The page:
- He was slaughtered like many against the top line though; yet faired exceptionally well against the rest of the roster. For example: Monahan had 100% CF/ 100% FF against Hates, Boyle, Stepan, St. Louis, Lee Stempniak, Staal, Hagelin, and Kreider. Though a majority of a team was like this too.
- Finally let's end on the positive note of Deryk Engelland last night who at times looked capable and not a human disaster. I counted 2 scoring chances last night that looked decent. Which is on the heels of the game prior when he did something good defensively. His TOI was what it was and he was a drag on possession (and usually is) but his numbers looked good for once because of starts, TOI with team members like Raphael Diaz, and usage.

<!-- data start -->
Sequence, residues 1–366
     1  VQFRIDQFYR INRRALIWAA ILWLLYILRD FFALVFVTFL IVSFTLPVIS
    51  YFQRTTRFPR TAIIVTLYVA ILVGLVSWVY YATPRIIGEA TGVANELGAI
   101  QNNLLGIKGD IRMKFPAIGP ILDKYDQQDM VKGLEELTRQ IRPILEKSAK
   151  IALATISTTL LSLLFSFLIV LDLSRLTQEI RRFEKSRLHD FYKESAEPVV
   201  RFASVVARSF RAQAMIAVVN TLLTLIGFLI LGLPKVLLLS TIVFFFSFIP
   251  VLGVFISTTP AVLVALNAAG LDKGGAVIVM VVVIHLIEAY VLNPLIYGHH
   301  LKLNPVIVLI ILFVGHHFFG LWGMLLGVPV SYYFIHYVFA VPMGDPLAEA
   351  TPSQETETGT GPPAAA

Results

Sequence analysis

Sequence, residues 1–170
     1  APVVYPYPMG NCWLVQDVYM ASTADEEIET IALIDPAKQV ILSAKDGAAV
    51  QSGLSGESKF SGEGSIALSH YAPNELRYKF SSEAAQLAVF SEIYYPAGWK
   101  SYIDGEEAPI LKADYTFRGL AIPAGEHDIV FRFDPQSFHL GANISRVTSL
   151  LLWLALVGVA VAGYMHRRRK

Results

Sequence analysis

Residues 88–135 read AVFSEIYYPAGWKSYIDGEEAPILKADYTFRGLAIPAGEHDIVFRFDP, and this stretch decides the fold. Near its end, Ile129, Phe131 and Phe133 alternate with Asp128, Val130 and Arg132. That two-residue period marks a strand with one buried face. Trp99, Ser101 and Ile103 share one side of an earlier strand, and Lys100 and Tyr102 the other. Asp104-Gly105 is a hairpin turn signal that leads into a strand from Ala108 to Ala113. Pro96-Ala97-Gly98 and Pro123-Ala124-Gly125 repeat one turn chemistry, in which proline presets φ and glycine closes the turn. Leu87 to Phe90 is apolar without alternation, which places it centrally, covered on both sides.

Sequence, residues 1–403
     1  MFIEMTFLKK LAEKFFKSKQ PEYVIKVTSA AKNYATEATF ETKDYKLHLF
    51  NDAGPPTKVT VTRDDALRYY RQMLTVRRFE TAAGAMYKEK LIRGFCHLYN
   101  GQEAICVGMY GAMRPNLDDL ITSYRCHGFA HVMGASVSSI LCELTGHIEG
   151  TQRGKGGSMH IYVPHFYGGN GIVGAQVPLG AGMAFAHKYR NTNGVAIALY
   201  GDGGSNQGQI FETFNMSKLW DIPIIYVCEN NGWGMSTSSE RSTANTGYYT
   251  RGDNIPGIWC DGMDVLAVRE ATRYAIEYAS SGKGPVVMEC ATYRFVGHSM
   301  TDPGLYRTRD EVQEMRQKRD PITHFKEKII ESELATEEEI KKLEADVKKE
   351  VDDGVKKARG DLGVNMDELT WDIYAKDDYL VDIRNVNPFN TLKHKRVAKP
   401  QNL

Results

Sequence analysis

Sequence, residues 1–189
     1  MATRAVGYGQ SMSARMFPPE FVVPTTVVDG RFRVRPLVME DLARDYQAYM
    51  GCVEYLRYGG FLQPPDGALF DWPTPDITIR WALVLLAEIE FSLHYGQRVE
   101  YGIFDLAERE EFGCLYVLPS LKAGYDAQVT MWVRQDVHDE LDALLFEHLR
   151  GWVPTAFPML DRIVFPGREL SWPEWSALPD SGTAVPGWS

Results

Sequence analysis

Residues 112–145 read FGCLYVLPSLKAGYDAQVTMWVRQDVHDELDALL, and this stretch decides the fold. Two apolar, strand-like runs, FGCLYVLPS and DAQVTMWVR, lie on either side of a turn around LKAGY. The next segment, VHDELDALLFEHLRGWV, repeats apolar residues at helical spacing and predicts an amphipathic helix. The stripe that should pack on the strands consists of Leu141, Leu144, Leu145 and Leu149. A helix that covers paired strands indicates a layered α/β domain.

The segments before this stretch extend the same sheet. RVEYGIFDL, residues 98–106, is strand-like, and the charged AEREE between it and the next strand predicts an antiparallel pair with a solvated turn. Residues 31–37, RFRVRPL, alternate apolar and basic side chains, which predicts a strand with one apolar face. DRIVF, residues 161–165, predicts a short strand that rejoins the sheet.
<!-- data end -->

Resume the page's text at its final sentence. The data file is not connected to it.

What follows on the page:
- Is he great overall? No. Does Diaz help him out? Yes. Should we play Diaz more? Yes. Do we still need help on the blueline? OH GOD YES.
- Joe Colborne's individual stats (goals, assists, points, shots, and corsi)
- When on ice together and the underlying numbers like GF20 (Goals For per 20 minutes of play), TOI, GA20, CF20 (Corsi For per 20 minutes of play), CA20, and the CF%
- Colborne when apart from the aforementioned person and the stats above
- The teammate when away from Colborne.
- Sample size is still a few games short + he was injured. Only 15GP so far.
- TOI is skewed at times
- He has 9 assists, 0 goals :(